|Sometimes, once is simply not enough.|
Dir. Richard Linklater
Starring: Patricia Arquette, Ellar Coltrane, Lorelei Linklater, Ethan Hawke
Review By Greg Klymkiw
One-trick-pony movies tend to drive me nuts. Perhaps the most egregious perpetrator of this artistic masturbation is the loathsome Christopher "One Idea" Nolan. The, oh-gee-what-if-I-tell-the-story-backwards abomination Memento is the pinnacle of an entire career of making movies that have little going for them save for the ONE idea Nolan jackhammers us with - film after film. The myriad of "found footage" movies that took off from The Blair Witch Project and onwards also fall into this category for me. Richard Linklater (School of Rock, Dazed and Confused) seemed to develop an adjunct career making one-trick-pony movies when he gave us Ethan Hawke and Julie Delpy wandering around and yapping in an approximation of real time during Before Sunrise (1995) and Before Sunset (2004) and then, in 2014, he served up his ultimate trick-pony gymnastics with the universally acclaimed Boyhood.
My initial response upon the picture's theatrical release was decidedly mixed - so much so, that I never really bothered to watch it again. Well, not all the way through, anyway. You see, I had a Blu-Ray copy of the movie lying around in a heap of screener copies when it came out on home entertainment formats and my (at the time) 13-year-old daughter discovered it and couldn't stop watching it - again and again. As it was played a ridiculous number of times over the years, I was often in the same room while she had it on and yes, I occasionally found myself sitting down to watch bits and pieces of it. Of course I queried her as to why she loved it so much and her most telling response was something like: "I don't know, Dad. I guess it's because it's so real."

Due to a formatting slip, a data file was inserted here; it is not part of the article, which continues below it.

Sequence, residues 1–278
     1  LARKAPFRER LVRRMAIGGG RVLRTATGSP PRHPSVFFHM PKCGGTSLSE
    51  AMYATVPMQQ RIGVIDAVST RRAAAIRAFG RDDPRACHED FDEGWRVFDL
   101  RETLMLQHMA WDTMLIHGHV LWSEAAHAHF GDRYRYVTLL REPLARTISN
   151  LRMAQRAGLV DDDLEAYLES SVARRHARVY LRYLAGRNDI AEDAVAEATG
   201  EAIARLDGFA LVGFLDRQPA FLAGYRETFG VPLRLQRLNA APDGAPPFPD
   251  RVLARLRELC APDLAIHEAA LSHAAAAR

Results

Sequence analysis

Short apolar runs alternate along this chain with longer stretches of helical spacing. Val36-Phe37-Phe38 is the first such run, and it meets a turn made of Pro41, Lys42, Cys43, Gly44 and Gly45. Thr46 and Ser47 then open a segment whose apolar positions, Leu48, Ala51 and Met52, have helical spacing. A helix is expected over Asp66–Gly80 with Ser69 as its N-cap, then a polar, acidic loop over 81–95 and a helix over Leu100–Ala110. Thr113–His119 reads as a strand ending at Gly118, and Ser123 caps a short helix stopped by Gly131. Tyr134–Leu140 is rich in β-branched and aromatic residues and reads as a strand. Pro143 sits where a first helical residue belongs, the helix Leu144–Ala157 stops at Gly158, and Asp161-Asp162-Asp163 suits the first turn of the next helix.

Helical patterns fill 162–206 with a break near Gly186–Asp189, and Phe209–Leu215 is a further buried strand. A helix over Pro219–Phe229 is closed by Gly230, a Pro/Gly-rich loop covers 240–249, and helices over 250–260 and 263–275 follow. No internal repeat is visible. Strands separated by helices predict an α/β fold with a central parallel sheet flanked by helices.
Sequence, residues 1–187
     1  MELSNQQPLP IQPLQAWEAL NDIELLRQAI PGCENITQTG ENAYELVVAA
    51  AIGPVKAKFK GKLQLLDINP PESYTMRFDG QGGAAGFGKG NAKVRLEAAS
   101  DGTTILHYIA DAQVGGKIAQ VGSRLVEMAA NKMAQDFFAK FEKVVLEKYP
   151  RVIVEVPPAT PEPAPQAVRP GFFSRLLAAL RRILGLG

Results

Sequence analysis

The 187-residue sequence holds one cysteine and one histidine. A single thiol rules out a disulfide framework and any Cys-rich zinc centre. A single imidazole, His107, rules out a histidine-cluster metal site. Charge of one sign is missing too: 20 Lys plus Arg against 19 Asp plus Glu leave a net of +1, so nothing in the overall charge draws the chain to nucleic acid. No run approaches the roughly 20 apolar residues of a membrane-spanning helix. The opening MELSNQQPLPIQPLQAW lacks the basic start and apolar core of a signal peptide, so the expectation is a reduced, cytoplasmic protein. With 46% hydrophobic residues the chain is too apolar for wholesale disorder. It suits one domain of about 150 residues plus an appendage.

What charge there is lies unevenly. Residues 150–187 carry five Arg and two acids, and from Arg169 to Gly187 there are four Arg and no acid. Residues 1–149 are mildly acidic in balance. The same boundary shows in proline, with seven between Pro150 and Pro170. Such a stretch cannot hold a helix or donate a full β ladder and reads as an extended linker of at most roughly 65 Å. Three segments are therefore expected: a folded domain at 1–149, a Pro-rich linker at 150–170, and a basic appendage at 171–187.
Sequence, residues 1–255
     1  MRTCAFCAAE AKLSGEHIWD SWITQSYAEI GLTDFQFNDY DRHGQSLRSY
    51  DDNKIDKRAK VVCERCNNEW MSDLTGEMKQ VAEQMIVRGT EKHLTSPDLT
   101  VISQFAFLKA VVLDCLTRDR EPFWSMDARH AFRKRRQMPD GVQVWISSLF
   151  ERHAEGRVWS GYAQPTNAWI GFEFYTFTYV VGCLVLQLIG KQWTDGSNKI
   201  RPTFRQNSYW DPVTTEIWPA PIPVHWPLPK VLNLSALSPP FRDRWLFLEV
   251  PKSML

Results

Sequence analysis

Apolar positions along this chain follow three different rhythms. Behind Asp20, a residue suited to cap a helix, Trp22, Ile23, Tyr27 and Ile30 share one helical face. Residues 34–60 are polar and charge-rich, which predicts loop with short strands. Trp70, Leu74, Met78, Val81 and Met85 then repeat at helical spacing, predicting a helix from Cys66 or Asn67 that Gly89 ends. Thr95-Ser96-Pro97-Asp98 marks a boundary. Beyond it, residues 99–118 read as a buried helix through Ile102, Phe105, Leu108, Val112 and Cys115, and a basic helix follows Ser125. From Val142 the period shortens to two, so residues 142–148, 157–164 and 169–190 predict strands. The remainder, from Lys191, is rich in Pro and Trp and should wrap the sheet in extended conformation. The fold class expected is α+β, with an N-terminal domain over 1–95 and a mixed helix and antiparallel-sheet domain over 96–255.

So yes, armed with the Criterion Collection Blu-Ray edition of Boyhood, I sat down - alone - and watched it from beginning to end in one sitting.
Yeah, okay. It's definitely a good movie. Really, it is. But, is Boyhood great? Well, what I can say for sure is that it shares the special thing great movies have - at least for me. In spite of the speed bumps the movie is littered with, I do want to see it again.
And yet again.
Boyhood is deceptively simple. Linklater wanted to tell a coming-of-age story spread over a few years, but with the same cast and within the same literal time frame in which he was shooting the movie. So, from 2002 to 2013, as his cast aged naturally, he told the story of Mason Evans, Jr. (Ellar Coltrane) from age six to eighteen. Set in various locations in Texas, Mason Jr. lives with Olivia (Patricia Arquette), his (mostly) single Mom and older sister Samantha (Linklater's real-life daughter Lorelei). From time to time, Mason Evans Sr. (Ethan Hawke) visits and spends quality time with his kids.
The movie details Mom's desire to "better" herself by going to college, achieving a Master's degree and eventually teaching in college. We are also privy to the various other men in her life. She admits that she loves Mason Sr. but that they were not meant to be living together. Alas, the other dudes she ends up with are bitter, abusive alcoholics. The worst that might be said about Mason Sr. (at least in terms of what Linklater chooses to reveal) is that he's a free-spirited wannabe musician who eventually "grows up" and becomes a successful insurance salesman.